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Legal History of Australia and the United Kingdom


UK Parliamentary Papers

British State Papers

The term 'state papers' refers to government archives and records.

The state papers domestic are the accumulated papers of the secretaries of state relating to home affairs. They contain information on every facet of early modern government, including social and economic affairs, law and order, religious policy, crown possessions and intelligence gathering as well as some references to foreign policy. They can also include private and official letters, musters, reports, commissions and instructions, council orders and correspondence, memoranda and draft parliamentary bills.

Source: National Archives research guide

The state papers foreign are documents produced or received by the secretaries of state in the conduct of their work. They can include correspondence with English diplomats abroad and foreign diplomats in England, original and draft treaties, working papers of the secretaries, records of early Cabinet meetings.

 

 

Proceedings and Journals

The Journals are the formal record of proceedings in both Houses of Parliament.

 

Other resources

The Henry III Fine Rolls Project has made these fine rolls easily accessible. A fine in the reign of King Henry III (1216–1272) was an agreement to pay the king a sum of money for a specified concession. The rolls on which the fines were recorded provide the earliest systematic evidence of what people and institutions across society wanted from the king and he was prepared to give. The rolls record the purchase of an ever growing number of writs, from wide sections of society, to initiate and prosecute law cases, and are thus central to the study of the early common law.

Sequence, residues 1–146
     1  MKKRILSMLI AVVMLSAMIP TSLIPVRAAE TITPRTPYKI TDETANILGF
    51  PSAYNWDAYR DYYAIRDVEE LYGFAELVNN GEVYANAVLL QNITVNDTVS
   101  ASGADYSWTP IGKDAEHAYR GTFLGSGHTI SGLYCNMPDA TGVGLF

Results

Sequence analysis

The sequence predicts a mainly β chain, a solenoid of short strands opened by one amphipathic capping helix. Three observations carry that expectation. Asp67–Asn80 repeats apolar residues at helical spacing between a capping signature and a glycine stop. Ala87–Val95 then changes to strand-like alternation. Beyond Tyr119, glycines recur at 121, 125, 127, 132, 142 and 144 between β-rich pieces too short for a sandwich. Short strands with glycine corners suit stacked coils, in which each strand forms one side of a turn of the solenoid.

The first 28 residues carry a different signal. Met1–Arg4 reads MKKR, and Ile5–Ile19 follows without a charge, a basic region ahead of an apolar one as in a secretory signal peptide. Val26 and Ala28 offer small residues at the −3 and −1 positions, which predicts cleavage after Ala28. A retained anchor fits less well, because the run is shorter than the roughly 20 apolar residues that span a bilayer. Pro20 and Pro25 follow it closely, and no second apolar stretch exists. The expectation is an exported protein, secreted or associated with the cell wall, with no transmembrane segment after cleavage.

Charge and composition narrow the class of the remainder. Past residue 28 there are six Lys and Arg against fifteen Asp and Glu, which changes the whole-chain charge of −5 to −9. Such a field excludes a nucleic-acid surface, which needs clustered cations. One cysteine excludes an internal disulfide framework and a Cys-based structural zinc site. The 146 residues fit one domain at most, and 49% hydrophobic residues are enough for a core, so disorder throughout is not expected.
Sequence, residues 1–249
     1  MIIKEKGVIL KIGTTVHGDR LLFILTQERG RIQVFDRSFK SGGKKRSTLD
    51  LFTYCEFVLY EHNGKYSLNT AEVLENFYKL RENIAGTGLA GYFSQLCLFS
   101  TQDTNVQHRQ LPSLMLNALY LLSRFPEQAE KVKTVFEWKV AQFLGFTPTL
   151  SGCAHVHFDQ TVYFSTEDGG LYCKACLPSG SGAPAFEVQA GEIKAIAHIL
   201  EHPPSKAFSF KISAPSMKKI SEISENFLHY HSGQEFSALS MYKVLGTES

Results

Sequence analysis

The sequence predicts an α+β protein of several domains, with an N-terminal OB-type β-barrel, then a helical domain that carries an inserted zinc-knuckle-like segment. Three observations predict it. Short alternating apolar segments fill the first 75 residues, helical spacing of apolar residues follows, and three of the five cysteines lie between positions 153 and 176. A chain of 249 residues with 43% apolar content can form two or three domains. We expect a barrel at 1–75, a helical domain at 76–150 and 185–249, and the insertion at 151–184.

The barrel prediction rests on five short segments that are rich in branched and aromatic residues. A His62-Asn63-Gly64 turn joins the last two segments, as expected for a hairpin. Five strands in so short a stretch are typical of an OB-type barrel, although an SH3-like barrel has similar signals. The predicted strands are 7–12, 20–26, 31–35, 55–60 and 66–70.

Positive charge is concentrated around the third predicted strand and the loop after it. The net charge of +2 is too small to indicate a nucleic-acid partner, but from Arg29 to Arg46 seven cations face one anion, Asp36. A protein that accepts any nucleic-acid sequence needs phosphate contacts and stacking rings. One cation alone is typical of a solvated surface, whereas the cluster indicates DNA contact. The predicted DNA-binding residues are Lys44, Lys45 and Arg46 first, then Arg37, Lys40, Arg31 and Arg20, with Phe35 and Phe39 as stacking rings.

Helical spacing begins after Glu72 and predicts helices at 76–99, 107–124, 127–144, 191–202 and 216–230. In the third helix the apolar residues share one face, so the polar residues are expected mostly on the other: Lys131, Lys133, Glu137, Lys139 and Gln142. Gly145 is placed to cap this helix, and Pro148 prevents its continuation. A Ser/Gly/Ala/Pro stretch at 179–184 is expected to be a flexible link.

House of Parliament (Source - Wikipedia)              

 

 

 


Australian Parliamentary Papers

Parliamentary Papers

Parliamentary Papers are documents that are presented to the Houses of Parliament and are ordered by one or both of the Houses to be printed. They include reports from government departments, Royal Commissions, committees of enquiry and other documents. Documents that are presented to Parliament but not ordered to be printed do not become Parliamentary Papers, and access to them is only available from the Parliament itself. Parliamentary Papers are published by the Commonwealth and most State and Territory governments. Various indexes to collections are available.

Source: GovPubs

 

Commonwealth

 

New South Wales

 

Tasmania

 

Victoria

 

Proceedings and Journals

Votes and proceedings record what is actually done in the Lower House of a Parliament. They are the official record of what business was transacted (similar to the minutes of a meeting), they do not indicate what was said
(see Hansard on the Legislation tab).

In the Upper Houses the record of business is called Journals or sometimes Minutes of the proceedings.

Parliament House, Canberra. (Source - Parliament of Australia)

Source: GovPubs

 

 

New South Wales

 

South Australia